Source E comes from a German account of the First World War. It is important when studying something to look at both sides of the argument. so Source E should be useful to a historian. Many British accounts say that the Battle of the Somme didn’t achieve much strategically. The account by the Germans talks about the consequences the Battle had on the army’s morale. A German would be better placed to talk about the effects on the country, and this Source provides an opinion from a different viewpoint. Because of this, this source is useful for a historian.
Source F is written by a British general in 1917. It is full of praise for Haig and the way he ran the battle. It’s written during the war and at that time, no-one said anything negative about the war. The fact it’s also written by a fellow general might also give the impression of bias. I feel that the account from the general is too much in Haig’s favour for it to be fully useful.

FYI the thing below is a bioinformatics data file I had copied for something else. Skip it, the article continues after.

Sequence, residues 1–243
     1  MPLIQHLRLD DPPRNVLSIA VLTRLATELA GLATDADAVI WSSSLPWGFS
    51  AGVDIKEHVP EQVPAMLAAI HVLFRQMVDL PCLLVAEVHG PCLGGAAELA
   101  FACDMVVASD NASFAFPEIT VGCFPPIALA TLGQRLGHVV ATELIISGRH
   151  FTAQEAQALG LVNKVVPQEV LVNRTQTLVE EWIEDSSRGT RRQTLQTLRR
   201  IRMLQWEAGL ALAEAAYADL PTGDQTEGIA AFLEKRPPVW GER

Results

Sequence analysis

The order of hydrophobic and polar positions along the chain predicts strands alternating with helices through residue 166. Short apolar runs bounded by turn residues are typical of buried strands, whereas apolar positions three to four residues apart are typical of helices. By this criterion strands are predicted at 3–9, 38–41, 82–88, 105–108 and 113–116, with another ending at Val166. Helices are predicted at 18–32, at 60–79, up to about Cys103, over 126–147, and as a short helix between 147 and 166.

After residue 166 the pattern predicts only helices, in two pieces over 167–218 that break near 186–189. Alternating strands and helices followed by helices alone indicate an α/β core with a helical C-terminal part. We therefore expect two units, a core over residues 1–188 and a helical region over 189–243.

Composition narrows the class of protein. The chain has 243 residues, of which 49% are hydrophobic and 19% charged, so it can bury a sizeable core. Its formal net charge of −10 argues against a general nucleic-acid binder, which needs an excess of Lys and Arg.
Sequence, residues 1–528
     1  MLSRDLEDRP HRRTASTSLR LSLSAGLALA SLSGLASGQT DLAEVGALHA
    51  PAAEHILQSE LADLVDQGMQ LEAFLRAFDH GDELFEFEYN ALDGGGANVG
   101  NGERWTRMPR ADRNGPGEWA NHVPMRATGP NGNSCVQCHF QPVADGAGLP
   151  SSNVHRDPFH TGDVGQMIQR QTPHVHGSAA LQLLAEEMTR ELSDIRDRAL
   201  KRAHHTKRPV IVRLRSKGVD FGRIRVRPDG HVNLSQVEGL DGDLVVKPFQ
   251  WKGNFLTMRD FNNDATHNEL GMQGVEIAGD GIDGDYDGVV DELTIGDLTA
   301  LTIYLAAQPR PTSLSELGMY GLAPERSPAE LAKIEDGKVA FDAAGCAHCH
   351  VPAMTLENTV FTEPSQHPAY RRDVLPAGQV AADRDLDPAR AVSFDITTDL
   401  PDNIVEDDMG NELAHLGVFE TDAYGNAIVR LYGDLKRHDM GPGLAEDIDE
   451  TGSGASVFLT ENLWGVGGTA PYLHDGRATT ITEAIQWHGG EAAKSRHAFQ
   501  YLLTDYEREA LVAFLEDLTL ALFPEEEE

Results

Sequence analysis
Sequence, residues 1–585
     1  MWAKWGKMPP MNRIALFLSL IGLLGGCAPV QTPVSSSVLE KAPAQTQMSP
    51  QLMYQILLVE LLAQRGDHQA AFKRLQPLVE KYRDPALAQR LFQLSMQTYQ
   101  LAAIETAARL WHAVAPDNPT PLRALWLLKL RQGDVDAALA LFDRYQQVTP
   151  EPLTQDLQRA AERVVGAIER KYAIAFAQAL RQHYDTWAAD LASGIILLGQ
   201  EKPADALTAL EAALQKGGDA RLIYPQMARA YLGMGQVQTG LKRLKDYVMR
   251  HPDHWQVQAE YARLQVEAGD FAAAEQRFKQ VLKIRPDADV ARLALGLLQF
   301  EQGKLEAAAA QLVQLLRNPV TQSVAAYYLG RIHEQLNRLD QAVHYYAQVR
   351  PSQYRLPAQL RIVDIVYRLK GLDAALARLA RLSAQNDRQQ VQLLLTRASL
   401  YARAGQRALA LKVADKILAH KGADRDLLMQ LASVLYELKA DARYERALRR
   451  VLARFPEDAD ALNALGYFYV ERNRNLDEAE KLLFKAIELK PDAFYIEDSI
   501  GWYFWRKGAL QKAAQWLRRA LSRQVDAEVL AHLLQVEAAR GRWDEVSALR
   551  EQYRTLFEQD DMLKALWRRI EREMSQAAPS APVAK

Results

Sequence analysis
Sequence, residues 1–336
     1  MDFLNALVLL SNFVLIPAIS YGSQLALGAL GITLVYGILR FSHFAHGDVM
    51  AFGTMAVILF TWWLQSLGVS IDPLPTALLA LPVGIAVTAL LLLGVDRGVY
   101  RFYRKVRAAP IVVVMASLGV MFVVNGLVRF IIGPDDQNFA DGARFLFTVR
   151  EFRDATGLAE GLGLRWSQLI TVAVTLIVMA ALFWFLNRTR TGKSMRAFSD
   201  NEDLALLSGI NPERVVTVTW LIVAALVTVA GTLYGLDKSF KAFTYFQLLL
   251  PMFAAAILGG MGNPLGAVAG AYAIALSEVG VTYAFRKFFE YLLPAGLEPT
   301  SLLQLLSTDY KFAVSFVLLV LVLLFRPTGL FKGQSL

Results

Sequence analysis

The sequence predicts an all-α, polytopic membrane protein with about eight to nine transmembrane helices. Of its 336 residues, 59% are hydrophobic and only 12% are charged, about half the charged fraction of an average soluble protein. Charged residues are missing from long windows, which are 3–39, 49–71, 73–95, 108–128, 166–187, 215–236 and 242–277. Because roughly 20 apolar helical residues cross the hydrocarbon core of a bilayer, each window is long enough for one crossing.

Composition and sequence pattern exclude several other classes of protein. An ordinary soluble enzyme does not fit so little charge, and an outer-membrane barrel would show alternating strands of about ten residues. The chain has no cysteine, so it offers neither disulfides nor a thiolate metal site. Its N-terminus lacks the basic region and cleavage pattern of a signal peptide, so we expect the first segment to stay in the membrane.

But was Field Marshall Haig the ‘Butcher of the Somme’ who sacrificed the lives of his men for no good?
Although the Battle of the Somme was one of the bloodiest battles in history, it wasn’t a complete disaster. People forget that the Allies actually ‘won’ the Battle of the Somme. They succeeded in breaking the stalemate and pushing the Germans back as far as 12km at some points.
Source A gives the impression that General Haig wasn’t too worried about losing men. Although he was looking at the bigger picture, it does seem that he didn’t care for his men.
On the other hand there is Source B. Although many of the facts are incorrect e.g ‘the battle is going very well’, he is happy to learn that the men are in ‘splendid spirits’. This shows that he did care for morale amongst his men and it’s unlikely that he would send them to their deaths for no reason.
Source C questions the tactics from the men in charge. Private George Coppard isn’t trying to say that Haig intended to send so many men to their deaths but is saying the generals are incompetent.